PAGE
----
After their successful Batman miniseries Long Halloween and Dark Victory, the creative team of Jeph Loeb and Tim Sale turned their attention to Superman and delivered an entirely different style of story. They deliberately referenced their Batman projects by playing with opposites. Contrasting Batman’s enclosed dark world, Superman is presented in large expansive form, occupying space and basking in the light.

The story presents four narrative voices giving their impressions of Superman in an early stage of his career. In Smallville Jonathan Kent deals with a son having just realised the extent of his abilities and with that awareness comes the knowledge he has to leave. In Metropolis Lois Lane’s big city cynicism is swept away by a costumed man who can apparently do anything, yet chooses to be a hero. Lex Luthor’s view of Superman’s arrival in Metropolis isn’t as charitable. Supplanted as the most powerful and most interesting man in the city he falls back on being the richest to devise a threat, and Lana Lang’s whole view of the world is undermined on realising the future she planned wasn’t going to materialise. Splitting the book into seasons to accommodate the narrative quartet and title is a little forced, particularly as the metaphor only really works with spring and, at a stretch, fall.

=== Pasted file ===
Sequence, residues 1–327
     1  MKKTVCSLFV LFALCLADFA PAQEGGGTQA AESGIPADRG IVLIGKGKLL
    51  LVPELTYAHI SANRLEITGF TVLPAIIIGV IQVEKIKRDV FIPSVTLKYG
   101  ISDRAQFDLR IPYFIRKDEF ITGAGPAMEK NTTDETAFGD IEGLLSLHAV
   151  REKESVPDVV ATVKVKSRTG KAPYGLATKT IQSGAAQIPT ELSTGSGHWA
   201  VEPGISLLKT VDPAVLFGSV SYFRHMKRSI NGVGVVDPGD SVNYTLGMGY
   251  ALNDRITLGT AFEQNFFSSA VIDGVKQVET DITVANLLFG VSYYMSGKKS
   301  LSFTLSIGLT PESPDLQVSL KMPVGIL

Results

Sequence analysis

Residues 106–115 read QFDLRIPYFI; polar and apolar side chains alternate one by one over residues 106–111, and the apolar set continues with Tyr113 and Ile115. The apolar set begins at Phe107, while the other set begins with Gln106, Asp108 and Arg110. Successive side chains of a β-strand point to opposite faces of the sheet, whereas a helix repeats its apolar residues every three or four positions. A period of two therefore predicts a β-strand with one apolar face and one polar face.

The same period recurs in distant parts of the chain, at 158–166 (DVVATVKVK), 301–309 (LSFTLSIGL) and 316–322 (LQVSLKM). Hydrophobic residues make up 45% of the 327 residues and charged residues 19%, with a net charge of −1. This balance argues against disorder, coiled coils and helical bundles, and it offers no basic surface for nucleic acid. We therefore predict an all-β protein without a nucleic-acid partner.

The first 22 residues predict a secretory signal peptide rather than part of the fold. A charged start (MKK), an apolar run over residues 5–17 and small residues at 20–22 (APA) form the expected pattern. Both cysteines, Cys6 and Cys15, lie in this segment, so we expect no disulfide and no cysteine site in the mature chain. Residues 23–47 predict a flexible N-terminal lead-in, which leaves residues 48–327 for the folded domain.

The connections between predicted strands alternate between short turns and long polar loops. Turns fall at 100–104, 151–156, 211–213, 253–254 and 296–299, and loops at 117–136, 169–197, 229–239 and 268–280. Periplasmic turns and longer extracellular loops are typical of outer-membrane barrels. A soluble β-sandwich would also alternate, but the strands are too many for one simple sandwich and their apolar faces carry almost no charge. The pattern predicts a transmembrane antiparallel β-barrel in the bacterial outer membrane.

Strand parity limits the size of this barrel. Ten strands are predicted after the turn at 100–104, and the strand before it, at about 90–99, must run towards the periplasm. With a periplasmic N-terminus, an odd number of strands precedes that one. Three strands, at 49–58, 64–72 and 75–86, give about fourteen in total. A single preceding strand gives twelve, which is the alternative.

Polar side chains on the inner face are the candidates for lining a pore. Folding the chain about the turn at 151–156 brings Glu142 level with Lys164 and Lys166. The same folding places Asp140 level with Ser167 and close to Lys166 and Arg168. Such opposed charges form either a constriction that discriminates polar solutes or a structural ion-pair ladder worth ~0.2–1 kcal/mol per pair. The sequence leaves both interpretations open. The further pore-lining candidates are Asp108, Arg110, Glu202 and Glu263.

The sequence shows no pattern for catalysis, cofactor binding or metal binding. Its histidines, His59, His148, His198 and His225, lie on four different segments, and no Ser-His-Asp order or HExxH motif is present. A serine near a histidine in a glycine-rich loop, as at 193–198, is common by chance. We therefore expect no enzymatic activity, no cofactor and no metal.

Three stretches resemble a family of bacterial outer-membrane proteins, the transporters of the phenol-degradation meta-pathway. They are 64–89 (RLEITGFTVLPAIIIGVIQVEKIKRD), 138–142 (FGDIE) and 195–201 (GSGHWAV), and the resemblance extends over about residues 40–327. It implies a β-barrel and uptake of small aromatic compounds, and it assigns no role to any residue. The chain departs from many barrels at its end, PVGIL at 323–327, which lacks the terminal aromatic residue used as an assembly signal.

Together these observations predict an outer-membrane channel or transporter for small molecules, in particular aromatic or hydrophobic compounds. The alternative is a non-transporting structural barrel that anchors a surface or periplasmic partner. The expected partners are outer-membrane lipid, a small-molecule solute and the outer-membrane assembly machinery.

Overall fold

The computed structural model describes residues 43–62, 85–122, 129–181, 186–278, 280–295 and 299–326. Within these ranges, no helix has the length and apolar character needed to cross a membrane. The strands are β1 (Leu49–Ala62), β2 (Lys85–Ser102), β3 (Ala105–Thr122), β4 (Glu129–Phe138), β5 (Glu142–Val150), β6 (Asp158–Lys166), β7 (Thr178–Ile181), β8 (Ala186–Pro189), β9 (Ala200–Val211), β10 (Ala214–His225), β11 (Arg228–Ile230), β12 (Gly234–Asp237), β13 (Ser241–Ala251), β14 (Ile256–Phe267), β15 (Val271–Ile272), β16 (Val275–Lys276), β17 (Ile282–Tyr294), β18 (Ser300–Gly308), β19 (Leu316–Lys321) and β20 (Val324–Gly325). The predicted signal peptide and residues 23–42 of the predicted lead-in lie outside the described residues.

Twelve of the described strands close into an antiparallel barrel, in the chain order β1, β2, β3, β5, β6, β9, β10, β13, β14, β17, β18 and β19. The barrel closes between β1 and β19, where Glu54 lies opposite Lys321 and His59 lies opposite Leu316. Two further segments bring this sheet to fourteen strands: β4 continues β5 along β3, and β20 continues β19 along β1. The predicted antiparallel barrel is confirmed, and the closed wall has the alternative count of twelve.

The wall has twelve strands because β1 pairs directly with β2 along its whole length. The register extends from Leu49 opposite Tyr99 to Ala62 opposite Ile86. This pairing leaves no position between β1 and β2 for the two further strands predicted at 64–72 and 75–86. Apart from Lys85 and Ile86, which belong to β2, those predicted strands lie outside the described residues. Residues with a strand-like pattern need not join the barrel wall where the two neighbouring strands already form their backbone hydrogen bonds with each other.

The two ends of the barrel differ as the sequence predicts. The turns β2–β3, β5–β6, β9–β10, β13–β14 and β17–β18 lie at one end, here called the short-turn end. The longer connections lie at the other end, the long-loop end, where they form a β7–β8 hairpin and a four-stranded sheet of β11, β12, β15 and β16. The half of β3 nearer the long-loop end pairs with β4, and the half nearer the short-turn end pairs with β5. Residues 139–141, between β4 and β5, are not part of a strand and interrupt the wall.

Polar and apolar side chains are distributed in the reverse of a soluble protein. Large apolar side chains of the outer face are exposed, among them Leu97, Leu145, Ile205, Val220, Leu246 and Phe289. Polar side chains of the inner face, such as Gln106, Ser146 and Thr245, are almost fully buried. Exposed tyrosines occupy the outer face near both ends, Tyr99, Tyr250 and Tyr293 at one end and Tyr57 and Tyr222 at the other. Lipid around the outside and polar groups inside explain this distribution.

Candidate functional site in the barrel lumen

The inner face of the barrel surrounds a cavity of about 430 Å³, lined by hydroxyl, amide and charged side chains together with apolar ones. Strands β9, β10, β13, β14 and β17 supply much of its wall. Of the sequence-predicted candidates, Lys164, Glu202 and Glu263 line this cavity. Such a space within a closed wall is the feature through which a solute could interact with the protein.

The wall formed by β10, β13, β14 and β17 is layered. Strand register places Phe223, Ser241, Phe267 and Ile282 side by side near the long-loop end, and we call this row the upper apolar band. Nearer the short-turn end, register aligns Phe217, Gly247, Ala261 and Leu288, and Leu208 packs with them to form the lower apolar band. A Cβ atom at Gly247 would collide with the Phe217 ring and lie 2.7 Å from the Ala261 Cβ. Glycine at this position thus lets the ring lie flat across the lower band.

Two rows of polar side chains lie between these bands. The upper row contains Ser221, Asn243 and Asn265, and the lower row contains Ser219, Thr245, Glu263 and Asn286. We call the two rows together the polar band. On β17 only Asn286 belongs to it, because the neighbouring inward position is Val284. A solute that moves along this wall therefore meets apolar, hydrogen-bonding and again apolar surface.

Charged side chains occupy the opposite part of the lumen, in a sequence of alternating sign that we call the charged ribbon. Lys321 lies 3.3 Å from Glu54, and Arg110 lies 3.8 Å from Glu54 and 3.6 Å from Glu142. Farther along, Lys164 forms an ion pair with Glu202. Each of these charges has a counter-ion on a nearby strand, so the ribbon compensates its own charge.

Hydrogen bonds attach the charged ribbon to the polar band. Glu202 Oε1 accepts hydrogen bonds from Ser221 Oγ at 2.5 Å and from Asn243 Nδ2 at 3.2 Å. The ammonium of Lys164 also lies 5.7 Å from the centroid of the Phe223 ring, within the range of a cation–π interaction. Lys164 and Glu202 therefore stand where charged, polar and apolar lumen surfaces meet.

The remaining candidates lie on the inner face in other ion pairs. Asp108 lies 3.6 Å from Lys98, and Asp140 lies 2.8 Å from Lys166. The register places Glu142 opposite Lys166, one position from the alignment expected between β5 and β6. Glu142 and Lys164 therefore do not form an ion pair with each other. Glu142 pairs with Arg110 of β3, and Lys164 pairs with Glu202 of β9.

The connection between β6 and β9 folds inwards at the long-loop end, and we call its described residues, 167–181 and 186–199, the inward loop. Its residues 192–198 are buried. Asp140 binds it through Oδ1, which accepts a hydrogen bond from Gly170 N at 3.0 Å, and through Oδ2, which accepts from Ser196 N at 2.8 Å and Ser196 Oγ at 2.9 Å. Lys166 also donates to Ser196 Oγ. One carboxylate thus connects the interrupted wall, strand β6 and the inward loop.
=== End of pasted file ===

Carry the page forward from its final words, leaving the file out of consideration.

The Superman portrayed here is genial and virtuous, and a circular element of Loeb’s plot permits him a chance to rectify a sin of omission made when uncertain. The country community of Smallville plays a large part, defining Superman’s idealistic worldview and remaining his anchor, his fortress of solitude as its referred to in a perhaps too knowing moment. Sale references Norman Rockwell and Loeb It’s A Wonderful Life, their touchstones for an uncomplicated era preceding their births.

Both keep it simple. Sale’s Superman is big-faced square-jawed lump of a man, and so is his Clark Kent, with the style an updated version of the character’s 1940s simplicity. He delivers big action moments, but they’re magnifications of an earlier era such as Superman stopping the speeding train. The retro approach earned Sale an Eisner Award in 1999. Loeb’s dialogue is restrained and very much weighed towards Smallville, but the one jarring note is his. A tragic super-character contrived to engender self-doubt is misplaced in an otherwise deliberately innocent package. The remainder more than compensates, and this remains among the ten essential Superman graphic novels.